Can Not Compute

How popular patient screening software may be contributing to our nation’s drug problem.

Michael Leach
Posted 9/8/21

Opinion Column: How popular patient screening software may be contributing to our nation’s drug problem.

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Can Not Compute

How popular patient screening software may be contributing to our nation’s drug problem.


For the last two decades, we’ve been entrenched in a battel against the opioid epidemic. Addiction has taken so many lives, that it has even caused the US life expectancy rate to drop for consecutive years. In 2020, we saw it get even worse as more than 93,000 people died from drug overdoses in America, a nearly 30% rise from an already climbing statistic. This has led to some extreme measures and unusual solutions in the War on Drugs, but perhaps none as head-scratching as the continued use of the NarxCare prescription drug screening tool.

NarxCare is a platform that is utilized by hospitals, pharmacies, and physicians’ offices in all states except Missouri. It’s created by the company Appriss, who describes it as “an analytics tool and care management platform.”

The platform piggybacks of the already existing databases that the US Department of Justice has been implementing in each state to monitor prescribing of narcotic drug, namely opioids. This was a response to the growing opioid epidemic and a way for authorities to see where the drugs were going at any given moment. It uses this, along with other data, to assign each person an Overdose Risk Score. Much like a credit score, this number is supposed to help physicians make informed decisions and avoid fueling addiction by prescribing opioids to someone who may misuse them.

The problem with this idea is that a computer is only as good as the data it is given. The NarxCare platform also draws upon information like criminal records, sexual abuse history, and even pet prescriptions to formulate and assign as risk score to each person, and this can lead to discrimination. Minorities have been historically targeted for drug crimes and arrested at higher rates than whites, for example. And other sources of data are undisclosed since Appriss uses a “proprietary” method of analysis.

But the bigger problem is with how this data is used. Physicians have largely been blamed for fueling the opioid epidemic by overprescribing drug like Oxycontin, so are very hesitant to prescribe to someone who has a high Overdose Risk Score, regardless of the accuracy of that score. For example, many people have complained that they’ve been kicked out of hospitals, denied needed medications, and had to suffer for nonsensical reasons such as being flagged due to multiple prescriptions that were actually for their pets.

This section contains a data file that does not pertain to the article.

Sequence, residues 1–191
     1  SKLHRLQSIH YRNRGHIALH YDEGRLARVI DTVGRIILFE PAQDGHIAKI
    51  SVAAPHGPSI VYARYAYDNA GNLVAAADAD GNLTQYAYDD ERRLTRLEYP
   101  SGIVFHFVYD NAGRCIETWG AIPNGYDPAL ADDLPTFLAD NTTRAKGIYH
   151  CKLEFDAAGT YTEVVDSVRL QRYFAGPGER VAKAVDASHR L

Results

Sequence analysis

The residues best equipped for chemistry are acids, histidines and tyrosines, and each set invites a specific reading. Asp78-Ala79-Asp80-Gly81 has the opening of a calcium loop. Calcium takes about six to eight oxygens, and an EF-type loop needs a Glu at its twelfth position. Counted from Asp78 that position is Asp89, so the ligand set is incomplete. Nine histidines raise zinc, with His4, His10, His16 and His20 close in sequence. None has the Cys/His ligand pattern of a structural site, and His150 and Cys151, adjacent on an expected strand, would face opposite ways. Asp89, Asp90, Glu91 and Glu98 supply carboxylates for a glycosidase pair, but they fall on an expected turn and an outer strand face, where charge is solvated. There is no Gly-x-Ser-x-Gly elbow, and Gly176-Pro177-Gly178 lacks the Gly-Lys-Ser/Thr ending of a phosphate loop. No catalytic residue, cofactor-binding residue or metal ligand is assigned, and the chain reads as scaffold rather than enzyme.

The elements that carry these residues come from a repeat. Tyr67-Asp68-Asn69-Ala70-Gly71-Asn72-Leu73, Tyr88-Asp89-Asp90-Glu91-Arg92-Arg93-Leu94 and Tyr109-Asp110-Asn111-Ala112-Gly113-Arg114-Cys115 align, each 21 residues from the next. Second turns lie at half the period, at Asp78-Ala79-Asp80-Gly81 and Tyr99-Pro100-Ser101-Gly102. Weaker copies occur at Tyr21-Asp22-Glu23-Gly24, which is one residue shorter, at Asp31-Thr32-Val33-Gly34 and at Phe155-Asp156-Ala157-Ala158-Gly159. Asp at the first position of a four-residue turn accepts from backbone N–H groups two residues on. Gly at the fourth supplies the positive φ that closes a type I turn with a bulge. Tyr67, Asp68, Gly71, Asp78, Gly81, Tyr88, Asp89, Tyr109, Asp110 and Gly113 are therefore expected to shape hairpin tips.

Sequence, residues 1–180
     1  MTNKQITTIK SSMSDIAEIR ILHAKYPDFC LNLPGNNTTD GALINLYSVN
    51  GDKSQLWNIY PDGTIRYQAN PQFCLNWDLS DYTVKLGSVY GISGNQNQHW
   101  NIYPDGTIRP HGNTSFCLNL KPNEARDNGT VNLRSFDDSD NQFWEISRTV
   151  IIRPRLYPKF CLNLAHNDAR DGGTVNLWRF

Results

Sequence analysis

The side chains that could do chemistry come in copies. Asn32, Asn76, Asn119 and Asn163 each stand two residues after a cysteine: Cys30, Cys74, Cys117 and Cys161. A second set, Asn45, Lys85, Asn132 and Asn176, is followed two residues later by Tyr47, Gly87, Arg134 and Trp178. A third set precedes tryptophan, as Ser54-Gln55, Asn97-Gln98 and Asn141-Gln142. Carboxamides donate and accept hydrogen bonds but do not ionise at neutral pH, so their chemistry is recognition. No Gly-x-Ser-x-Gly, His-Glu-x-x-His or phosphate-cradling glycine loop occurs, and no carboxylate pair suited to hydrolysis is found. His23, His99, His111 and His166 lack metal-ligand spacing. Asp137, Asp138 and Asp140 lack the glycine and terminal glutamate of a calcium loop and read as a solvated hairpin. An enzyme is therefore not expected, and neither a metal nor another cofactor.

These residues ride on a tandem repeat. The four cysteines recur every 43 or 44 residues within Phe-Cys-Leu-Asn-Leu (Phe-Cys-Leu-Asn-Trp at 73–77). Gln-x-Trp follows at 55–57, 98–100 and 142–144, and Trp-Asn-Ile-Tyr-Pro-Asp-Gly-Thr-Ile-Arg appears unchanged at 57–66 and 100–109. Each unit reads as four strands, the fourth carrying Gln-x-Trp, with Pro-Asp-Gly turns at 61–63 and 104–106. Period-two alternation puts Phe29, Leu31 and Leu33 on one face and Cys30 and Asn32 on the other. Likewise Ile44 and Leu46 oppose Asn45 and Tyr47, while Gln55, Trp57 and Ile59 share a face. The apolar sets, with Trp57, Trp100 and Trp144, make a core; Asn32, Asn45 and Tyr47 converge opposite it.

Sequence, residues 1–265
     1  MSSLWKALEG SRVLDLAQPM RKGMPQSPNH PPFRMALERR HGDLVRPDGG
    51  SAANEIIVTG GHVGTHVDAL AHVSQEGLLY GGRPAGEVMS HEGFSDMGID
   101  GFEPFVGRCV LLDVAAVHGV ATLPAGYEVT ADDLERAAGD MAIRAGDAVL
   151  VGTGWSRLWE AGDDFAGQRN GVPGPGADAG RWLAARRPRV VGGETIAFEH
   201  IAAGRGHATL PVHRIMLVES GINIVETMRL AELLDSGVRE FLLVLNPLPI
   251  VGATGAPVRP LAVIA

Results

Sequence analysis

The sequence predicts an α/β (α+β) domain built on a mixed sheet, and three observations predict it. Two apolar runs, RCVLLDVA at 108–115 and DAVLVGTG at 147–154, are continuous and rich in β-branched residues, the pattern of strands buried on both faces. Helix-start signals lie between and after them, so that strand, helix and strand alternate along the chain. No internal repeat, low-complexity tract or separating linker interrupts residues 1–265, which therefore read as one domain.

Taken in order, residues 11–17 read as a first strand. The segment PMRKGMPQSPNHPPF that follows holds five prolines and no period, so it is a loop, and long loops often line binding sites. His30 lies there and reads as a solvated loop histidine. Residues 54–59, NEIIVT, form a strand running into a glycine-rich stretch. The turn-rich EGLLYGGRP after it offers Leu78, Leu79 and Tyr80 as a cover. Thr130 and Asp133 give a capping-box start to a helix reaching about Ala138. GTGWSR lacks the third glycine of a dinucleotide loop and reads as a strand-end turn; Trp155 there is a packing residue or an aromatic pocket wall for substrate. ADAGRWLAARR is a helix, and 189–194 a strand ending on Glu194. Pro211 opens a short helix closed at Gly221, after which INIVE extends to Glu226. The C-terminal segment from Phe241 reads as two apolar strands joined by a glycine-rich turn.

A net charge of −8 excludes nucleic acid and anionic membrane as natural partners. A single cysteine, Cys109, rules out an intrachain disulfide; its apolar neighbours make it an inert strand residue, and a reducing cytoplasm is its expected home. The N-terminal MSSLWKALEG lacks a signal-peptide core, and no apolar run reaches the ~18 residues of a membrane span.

Some chronic pain sufferers to turn to more dangerous illegal supplies or to suicide when turned away for “drug seeking”. Among patients with long-term opioid prescriptions, research has shown that stopping those prescriptions without providing effective alternative care is associated with nearly triple the risk of overdose death.

Because NarxCare is largely funded by the government, it is also trusted as a standard which doctors are measured against. In other words, they can be prosecuted if it’s found that they negligently gave opioids to someone that the platform had identified as a high risk. This has led many physicians to simply default to the computer to make their decision for them.

We’re not selecting the right target. This system is inherently flawed because it places the responsibility for addiction on the patient. People aren’t a number, and we cannot rely on computer to make life-and-death decisions.

Instead, let’s look to regulate the pharmaceutical companies that deceive doctors and patients into thinking they need drugs, and that drugs are safe. Let’s train doctors to identify addiction and properly help patients who may be drug-seeking, rather than turning them away.

People aren’t a risk-score. They need help.

Michael Leach has spent most of his career as a health care professional specializing in Substance Use Disorder and addiction recovery. He is a regular contributor to the healthcare website and a Certified Clinical Medical Assistant